The area received a boon when the railroad depot opened in 1888. Afterwards, the downtown area grew quickly with new storefronts opening and prospering. The century ended with a large political rally for President McKinley on the downtown streets (McKinley Road was named for the president.)
In 1902, Fred Sayles of Flushing called on his friend, Joe Gage, to help him establish an athletic club in the village. Gage showed up and fell in love with Flushing. The first black man in town, he stayed to help his friend and become a barber.
Joe Gage previously lived in Ithaca, MI and worked in W. F. Thompson’s butter tub factory. The son of former slaves, Gage was the only African-American man in Ithaca. He earned great fame for his boxing prowess, even though the sport was illegal in Michigan at the time. Bouts were advertised as “sparring matches” in order to draw crowds and bettors. Still, most matches ended in a chase with police officers. Gage quickly became known as “Ithaca’s Colored Champion.” While there, he also performed as a singer at the Opera House and in the mandolin club. In 1892, he became the first black man in the Ithaca Fire Department.
After moving to Flushing, Gage became the most loved barber in town. He specialized in women’s hairstyles and was known for giving young boys their first “shave” by running the back side of his comb over their lathered face. He soon joined and headed the Flushing Fire Department.
Throughout his life, Gage was known as a man who would not tolerate any kind of slur or mistreatment of himself or others due to race or perceived defect. He was a man of integrity, held in high esteem by many.
On his 87th birthday, Gage was honored by local businessmen with a lavish party and luncheon. The event drew over 1,300 people to Flushing which was the biggest crowd in the village up to that point in its history. “I don’t know what I’ve done to deserve all this,” said Gage. “I don’t think I deserve it. I’ve lived a long and happy life, especially the part I’ve lived in Flushing. I would do it all again but I’d like to change one thing. I’d like to be born with white skin. I just keep wondering what it would have been like. I’m not finding fault. I’m just curious. God bless you, everyone.”
Joe Gage was another sort of pioneer. He was the first black man in Flushing and a wonderful part of its history.
In the early 1900s, Flushing Township remained an area of opportunity. Flint and lands south were exploding with commerce while areas north grew at a much slower pace allowing time for appreciation and community. In 1913, the Tuesday Club opened a new library on the second floor of the People’s Bank building which grew in volumes until it was forced to move to the Old Presbyterian Church and in 1940 was remodeled. In 1964, the Marian Packard Adult Reading Room was built. The library joined the Genesee District in 1966 and in 1990 moved to its present location. Learning continued to develop when, in 1927, the Flushing High School was built. A student walk-out happened three years later in support of the superintendent who was fired by administration.
Bernard Bueche opened a small grocery store in 1914 on the corner of Main and Maple Streets that would grow to become Bueche’s Food World. The store would remain a staple of the Flushing community through present day, moving in 2005 to its current location. The Main Street bridge across the Flint River was initially finished in 1922.
On the old farm of Waterman Neff, a Detroit consortium began to develop the land for recreation. Designed by Wilfred Reid and William Connellan, the Flushing Valley Golf Club opened for business in 1930. The nine-hole course followed the run of the river and was the talk of the area until its closure in 1943. A modern clubhouse was built in 1961 and the course was expanded to 18 holes by 1973.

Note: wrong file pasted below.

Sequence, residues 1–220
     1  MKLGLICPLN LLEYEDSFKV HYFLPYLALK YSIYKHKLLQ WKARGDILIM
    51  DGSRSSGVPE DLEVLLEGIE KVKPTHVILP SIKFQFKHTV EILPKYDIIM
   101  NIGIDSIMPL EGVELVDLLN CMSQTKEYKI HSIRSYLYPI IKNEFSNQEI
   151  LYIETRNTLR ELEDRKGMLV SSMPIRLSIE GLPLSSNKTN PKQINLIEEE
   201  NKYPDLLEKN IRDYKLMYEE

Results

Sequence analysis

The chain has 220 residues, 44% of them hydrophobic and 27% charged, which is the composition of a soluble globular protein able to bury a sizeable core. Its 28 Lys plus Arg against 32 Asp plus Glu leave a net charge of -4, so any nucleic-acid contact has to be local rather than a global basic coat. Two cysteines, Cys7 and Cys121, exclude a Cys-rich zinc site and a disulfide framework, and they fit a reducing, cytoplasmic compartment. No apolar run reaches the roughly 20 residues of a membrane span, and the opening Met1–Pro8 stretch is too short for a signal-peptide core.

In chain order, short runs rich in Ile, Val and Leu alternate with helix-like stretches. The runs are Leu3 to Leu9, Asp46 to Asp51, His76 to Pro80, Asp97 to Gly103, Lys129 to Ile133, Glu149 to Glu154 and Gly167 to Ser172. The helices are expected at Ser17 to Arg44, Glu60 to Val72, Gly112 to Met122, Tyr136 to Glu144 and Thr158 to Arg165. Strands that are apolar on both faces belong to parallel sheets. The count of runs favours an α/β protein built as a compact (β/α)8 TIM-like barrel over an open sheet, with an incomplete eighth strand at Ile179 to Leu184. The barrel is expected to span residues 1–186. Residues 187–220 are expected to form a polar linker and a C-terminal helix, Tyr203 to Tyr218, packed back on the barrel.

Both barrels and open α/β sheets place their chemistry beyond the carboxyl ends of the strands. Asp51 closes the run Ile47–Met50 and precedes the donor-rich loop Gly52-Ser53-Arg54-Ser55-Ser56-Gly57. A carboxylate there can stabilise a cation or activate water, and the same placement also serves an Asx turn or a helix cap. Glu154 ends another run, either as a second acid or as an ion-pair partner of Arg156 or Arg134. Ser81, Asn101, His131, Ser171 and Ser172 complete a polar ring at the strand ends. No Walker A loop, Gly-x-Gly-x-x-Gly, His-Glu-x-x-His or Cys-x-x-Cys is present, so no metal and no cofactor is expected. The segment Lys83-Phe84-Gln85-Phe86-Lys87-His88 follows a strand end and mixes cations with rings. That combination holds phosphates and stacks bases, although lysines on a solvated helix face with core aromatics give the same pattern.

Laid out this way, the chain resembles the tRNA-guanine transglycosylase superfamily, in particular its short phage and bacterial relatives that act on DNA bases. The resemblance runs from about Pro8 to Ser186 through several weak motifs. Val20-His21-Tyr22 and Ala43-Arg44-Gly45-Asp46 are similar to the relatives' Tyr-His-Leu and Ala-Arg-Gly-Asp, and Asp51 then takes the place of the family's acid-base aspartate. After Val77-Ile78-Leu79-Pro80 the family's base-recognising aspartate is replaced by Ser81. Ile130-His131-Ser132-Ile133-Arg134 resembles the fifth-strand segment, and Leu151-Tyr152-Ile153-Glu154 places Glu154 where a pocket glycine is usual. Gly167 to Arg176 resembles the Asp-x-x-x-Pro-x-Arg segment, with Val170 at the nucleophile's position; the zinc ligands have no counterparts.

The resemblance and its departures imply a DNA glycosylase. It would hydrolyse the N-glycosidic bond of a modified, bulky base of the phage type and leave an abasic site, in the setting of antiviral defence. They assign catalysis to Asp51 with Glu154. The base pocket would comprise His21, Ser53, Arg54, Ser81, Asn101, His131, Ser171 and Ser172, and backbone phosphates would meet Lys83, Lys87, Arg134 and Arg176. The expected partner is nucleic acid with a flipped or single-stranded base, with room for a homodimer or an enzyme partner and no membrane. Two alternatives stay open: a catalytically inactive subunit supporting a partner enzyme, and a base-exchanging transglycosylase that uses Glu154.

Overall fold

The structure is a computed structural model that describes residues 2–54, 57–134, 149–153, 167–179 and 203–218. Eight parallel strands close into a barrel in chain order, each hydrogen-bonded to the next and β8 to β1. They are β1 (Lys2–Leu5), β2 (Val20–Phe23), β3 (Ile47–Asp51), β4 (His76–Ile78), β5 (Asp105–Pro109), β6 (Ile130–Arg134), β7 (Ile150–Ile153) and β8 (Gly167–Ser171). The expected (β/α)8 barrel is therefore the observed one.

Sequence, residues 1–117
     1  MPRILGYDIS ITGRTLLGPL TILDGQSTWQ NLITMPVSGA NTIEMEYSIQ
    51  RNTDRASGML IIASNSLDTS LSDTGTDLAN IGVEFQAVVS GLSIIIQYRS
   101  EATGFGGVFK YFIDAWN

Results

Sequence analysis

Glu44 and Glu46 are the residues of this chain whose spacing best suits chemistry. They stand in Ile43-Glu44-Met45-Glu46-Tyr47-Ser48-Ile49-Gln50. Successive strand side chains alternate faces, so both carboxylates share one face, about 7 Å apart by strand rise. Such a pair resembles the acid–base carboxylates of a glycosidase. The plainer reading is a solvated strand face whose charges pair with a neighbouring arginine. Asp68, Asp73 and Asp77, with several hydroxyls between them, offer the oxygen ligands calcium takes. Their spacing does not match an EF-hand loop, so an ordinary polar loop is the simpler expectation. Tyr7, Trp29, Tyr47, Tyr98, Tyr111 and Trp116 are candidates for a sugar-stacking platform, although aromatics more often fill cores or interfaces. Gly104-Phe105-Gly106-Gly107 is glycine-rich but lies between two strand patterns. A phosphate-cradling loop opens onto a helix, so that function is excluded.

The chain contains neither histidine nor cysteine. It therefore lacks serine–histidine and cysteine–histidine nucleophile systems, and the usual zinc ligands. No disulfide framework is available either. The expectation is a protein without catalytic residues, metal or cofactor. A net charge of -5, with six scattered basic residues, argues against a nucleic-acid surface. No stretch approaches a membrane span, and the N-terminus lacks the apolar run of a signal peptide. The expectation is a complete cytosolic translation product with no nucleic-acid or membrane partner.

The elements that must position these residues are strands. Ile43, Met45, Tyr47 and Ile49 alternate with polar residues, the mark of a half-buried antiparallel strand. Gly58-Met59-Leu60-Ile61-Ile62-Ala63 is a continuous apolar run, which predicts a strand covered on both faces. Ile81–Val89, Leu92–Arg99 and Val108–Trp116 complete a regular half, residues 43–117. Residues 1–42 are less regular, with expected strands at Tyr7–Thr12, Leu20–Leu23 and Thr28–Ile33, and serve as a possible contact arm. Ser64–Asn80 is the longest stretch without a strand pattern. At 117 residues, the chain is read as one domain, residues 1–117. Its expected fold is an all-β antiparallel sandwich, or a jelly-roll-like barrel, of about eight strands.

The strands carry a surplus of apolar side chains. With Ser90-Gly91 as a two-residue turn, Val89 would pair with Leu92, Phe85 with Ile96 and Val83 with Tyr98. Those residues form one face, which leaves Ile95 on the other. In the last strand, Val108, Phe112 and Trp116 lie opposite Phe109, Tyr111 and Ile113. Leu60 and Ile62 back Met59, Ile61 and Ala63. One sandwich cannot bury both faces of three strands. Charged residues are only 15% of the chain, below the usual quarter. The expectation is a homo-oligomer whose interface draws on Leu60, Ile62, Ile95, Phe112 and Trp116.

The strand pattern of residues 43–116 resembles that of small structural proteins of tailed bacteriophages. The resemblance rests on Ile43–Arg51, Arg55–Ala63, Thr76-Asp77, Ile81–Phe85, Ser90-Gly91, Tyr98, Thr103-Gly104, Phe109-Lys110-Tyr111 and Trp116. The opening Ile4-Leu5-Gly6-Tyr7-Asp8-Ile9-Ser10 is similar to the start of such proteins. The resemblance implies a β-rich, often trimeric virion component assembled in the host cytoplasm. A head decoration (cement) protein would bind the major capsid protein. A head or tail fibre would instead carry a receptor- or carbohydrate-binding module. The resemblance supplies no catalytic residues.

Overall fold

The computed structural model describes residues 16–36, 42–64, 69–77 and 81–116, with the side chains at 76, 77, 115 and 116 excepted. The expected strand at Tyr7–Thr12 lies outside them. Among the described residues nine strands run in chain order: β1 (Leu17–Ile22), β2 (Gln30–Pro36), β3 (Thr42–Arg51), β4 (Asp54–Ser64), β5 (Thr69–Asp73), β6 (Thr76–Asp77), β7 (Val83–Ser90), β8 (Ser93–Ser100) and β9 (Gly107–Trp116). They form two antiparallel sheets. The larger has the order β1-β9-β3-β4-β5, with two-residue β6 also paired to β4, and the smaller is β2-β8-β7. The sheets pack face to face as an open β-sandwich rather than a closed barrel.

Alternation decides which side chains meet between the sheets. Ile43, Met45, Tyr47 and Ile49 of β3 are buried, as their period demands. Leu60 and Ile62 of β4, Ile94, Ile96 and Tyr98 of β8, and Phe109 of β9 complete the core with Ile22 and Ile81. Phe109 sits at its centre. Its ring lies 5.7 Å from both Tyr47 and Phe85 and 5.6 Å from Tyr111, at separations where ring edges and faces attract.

In 1947, the Rossell Family Funeral home opened to service the community and in 1948, Flushing Community schools found its mascot when Coach Richard Boniface suggested that the mascot be based upon the Marine Raiders from the Marine Corp of the United States Armed Forces. Flushing accepted and the school’s sports teams have been the Flushing Raiders ever since.
Just off Beecher Road on the Sammons Farm, a B-29 Superfortress aircraft crash landed. Of the five passengers, only one was killed. One passenger landed via parachute in a tree in front of Flushing Methodist Church. The other three survivors landed over the river on the Flushing Golf Course. An eyewitness thought the plane was going to hit her house, “I yelled to my kids to get out,” said Mrs. Daly. “Then I saw two men jump out. The last man jumped out when the plane was close to the ground. It looked like the plane hit his body.”
In the early 1940s, Max Tucker, a Flushing area philanthropist, made a fortune. Upon his death, he bequeathed $100,000 to the Village of Flushing. In his honor, the village opened the Tucker Community Pool in 1956, which would serve the village admirably for years until its demolition in 2019.
The 1960s brought with it a brand-new high school (1961) and the eye of the nation when Edmund Love wrote, The Situation in Flushing about growing up in town. The book was heralded by outside readers but emotions were mixed at home. In 1964, the Village of Flushing grew up and became a city. As time progressed, Flushing only became more wholesome. As the Flushing Depot accepted its final passenger in 1971, the community recognized it as an important piece of history and in 1997, it became a museum and home to the Flushing Area Historical Society. In 1983, the Flushing Candle Walk began and has become a cherished part of Genesee County’s holiday festivities. In 2005, a shining, new middle school was built.
Flushing Township, Flushing and its community take great pride in the tradition and history of Genesee County and its people. The area is a steady and wise influence on the Genesee County populace, portraying the perfect example of calm and respect that outsiders have come to appreciate.
Photos provided by Flushing Area Historical Society and Kayce McClure
American Lumberman Magazine. (1905). Lewis Penoyer. Texas Transportation Archive. Retrieved from ttarchive.com/Library/Biographies/Penoyer-Lewis_1905_American-Lumberman-Biographies-Vol-1.html
Atkinson, A. (2011). The History behind the Raider. The Blazer. Retrieved from derekblalock.wordpress.com/2011/10/26/the-history-behind-the-radier/
Ellis, F. (1879). History of Genesee County Michigan. Everts & Abbott. Philadelphia, PA.
Free Press. (1951). Superfort Crashes on Michigan Farm. Newspapers.com. Retrieved from newspapers.com/clip/26403999/1951-b-29-crash/
Genesee District Library. (2020). Flushing Area Library. TheGDL.org. Retrieved from thegdl.org/flushing-area/
Goodspeedgratiotcountyhistorical. (2020). His name is Joe Gage…Goodspeed’s Gratiot County Historical Blog. Retrieved from goodspeedgratiotcountyhistorical.blog/2020/07/12/his-name-was-joe-gage-ithacas-first-black-fireman-boxer-barber-and-a-gentleman/
Parker. E. C. (1974). 1st timberman on Flint River. The County Press. Retrieved from parkers-history.orgfree.com/ThBrent.htm
Wood, E. (1916). History of Genesee County Michigan. Federal Publishing Company. Indianapolis, IN